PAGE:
Understanding the Human-Machine Interface in a Time of Change

Understanding the Human-Machine Interface in a Time of Change

Erica Orange (Weiner, Edrich, Brown, Inc., USA)
DOI: 10.4018/978-1-4666-2211-1.ch036
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Abstract

The author presents an overview of how the ubiquitous nature of technology has led to a monumental shift in human evolution – a change involving language, thought, and feeling. The interrelationship between humans and technology will undoubtedly alter the way in which we define what it truly means to be human in a world of complexities. As systems, networks, and programs become more complex, our ability to interface with these machines that play such a prominent and vital role in our day-to-day lives is becoming increasingly difficult. It used to be the human was in charge; able to manipulate the machine to perform a desired outcome. But it is no longer simply about input and output measures. Now the roles are reversing, and it is becoming harder to determine where power and control ultimately resides. Consequently, our ability to manage machines and robots will become more vulnerable. The intimate connection and interoperability of human intelligence with machine intelligence, has undoubtedly impacted the human experience and our process of self-identification.
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Background

Technology is not only getting more demanding, but it is also creating a greater day-to-day human reliance on its functions. In fact, more people are forming attachments to and dependence on non-carbon life forms than perhaps with each other. Technological advances are rapidly engulfing the everyday lives and environments of people all over the globe. There is no doubt that the proliferation of these non-carbon life forms will dramatically affect and alter the ways in which we communicate both with each other and with machines in the future. Knowing how to successfully sustain both kinds of relationships will be essential.

Clearly, machines are becoming increasingly self-sufficient and self-reliant. Robots are not only becoming smarter and more able, but they are also becoming more self-aware and adaptive. In recent years, machines have been developed that learn from observation, similarly to humans who learn from the external environment, and computer programs will increasingly be able to employ its knowledge about emotions to make logical decisions based upon memory. Machines are also able to make inferences about human behavior. In fact, it is predicted that AI-based search engines will become almost humanlike by 2050, and will eventually be able to comprehend users’ questions and queries just like a human assistant. Users will be able to enter questions and get relevant machine-generated answers (The Futurist, 2008.) The development of both mental and emotional robotic intelligence will have profound implications in terms of the way in which humans view their own intelligence. Traits typically assigned to human intelligence, such as abstract thought, self-awareness, reasoning, learning, having emotional knowledge, communication and problem solving will increasingly come under question as artificial intelligences become more advanced.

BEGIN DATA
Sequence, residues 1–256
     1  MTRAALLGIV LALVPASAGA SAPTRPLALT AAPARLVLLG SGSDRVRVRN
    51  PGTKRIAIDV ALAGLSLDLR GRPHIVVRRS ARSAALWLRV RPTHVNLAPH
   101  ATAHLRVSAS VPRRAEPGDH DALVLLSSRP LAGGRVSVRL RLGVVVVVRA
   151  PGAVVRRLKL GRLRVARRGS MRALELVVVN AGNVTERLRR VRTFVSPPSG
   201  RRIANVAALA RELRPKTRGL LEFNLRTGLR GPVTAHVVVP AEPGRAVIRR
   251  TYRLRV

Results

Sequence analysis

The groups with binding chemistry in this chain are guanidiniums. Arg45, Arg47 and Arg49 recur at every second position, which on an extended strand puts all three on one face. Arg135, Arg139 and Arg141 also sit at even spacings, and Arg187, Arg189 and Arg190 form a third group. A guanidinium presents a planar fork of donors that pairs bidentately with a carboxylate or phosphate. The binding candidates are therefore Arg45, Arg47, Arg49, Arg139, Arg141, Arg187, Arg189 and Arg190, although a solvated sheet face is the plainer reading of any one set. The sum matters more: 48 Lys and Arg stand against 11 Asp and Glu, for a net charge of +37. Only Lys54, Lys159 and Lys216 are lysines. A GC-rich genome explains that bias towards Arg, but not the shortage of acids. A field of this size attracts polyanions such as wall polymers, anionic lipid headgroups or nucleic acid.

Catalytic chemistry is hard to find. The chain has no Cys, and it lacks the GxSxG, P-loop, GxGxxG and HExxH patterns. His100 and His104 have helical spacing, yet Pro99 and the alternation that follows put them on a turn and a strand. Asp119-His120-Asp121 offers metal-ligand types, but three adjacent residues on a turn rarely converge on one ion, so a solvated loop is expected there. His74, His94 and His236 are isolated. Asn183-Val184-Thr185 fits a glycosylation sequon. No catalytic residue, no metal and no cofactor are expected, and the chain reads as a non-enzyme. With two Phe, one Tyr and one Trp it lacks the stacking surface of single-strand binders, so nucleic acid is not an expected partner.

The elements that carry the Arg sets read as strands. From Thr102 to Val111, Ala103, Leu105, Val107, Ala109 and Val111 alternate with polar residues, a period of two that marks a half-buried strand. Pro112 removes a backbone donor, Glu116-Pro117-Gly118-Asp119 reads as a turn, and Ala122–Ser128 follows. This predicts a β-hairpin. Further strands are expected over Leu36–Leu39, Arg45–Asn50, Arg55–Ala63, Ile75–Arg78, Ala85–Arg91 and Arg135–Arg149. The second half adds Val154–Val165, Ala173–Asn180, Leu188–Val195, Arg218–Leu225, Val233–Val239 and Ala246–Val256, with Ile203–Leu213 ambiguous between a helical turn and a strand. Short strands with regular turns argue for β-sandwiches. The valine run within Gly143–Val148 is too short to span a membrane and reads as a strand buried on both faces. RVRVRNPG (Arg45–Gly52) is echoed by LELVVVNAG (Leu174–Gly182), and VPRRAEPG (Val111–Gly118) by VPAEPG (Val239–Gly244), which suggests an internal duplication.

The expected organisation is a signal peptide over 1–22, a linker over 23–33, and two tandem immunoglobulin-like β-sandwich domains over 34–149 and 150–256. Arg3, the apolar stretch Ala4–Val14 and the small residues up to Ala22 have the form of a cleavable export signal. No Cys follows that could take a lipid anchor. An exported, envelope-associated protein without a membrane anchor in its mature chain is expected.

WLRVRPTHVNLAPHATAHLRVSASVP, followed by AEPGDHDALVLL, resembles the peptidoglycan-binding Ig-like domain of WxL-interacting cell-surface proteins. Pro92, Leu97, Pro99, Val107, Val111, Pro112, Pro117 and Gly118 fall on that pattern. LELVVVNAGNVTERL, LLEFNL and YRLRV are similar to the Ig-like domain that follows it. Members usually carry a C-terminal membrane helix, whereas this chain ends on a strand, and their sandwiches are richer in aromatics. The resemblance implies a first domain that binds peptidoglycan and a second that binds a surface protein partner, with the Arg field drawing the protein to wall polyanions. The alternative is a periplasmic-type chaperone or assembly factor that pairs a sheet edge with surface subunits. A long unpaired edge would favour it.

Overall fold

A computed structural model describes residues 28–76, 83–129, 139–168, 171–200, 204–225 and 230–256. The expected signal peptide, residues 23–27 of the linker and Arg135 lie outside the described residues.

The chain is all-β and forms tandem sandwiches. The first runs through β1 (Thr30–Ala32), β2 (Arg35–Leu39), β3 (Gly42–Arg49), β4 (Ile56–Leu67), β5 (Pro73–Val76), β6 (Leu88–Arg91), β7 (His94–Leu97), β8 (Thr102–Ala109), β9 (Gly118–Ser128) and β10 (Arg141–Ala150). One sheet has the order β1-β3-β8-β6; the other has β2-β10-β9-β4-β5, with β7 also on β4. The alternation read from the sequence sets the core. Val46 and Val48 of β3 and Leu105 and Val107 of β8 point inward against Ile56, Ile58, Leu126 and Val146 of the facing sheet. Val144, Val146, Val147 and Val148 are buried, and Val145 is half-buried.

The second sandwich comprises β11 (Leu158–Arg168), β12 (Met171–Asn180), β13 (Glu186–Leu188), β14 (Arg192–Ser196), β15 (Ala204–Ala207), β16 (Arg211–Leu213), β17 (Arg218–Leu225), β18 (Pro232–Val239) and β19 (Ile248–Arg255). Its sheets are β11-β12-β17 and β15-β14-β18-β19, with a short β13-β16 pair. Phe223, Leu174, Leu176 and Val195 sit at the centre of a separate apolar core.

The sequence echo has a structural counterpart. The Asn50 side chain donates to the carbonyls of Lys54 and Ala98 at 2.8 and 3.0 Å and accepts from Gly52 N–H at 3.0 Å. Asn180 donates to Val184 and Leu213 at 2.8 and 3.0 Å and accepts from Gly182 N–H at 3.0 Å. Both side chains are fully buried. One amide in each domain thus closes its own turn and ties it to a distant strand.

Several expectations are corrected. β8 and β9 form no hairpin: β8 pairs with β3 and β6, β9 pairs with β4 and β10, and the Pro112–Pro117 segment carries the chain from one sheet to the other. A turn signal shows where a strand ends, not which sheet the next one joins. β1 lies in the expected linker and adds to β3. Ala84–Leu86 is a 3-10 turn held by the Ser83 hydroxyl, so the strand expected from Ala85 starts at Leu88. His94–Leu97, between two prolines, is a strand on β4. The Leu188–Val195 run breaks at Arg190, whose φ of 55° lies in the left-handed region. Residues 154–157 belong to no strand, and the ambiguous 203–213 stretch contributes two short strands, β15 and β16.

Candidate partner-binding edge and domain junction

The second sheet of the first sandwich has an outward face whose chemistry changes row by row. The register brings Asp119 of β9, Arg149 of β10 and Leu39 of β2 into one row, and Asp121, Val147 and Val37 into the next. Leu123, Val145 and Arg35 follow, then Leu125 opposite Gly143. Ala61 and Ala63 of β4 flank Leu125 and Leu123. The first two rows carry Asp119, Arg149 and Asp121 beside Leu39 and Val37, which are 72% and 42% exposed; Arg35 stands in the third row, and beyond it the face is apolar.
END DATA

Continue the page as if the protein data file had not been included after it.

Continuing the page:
Key Terms in this Chapter

Geotagging: An application which enables mobile phones to combine social networking and instant messaging with the ability to precisely pinpoint their location on an interactive map.

Connectomapping: A term used to describe the ability to decipher the three-way cyclical intentions between humans, systems and things, thereby creating a comprehensive real-time global map of connections.

Big Syster: A term used to refer to a set of self-contained data systems that will be capable of increasingly pooling their resources and capabilities to create new, more complex and fully independent meta-systems which will offer more functionality, operability and computing power. All of this will be done without human intervention.

Singularity: A future of computer intelligence feeding on itself, becoming smarter at a faster and faster rate.

Technological Singularity: The predicted point in societal evolution when technological progress accelerates beyond the ability of humans to fully comprehend or predict. It can also, more simply, be used to refer to the advent of smarter-than-human intelligence – and the chain reaction of technological advancement to follow.

Non-Carbon Life Forms: Networks, robots, structures, electronic devices and virtual entities.

Othersourcing: The increasing ability to have work done not only off-site and by other entities (such as unanticipated competitors) but by non-humans. In other words, the process of using systems and machines for what humans once accomplished.

Virtual Reality: The tricking of the mind into truly believing it is somewhere else, doing something else.

Avatars: The virtual embodiments of people on screens that can react to your behavior with emotional expressions and interpersonal affect.

Predictive Modeling: The process of using patterns found in past data to identify potential risks and possibilities.

Prifecta: This refers to the union of RFIDs, smartphones and geographic positioning and its direct effect on human privacy. The growth of embedded systems and their interconnectedness raises both major challenges and privacy implications, especially as complex systems are increasingly self-adaptive.

Reality Mining: The collection of technology-based data as it relates to human social behavior.

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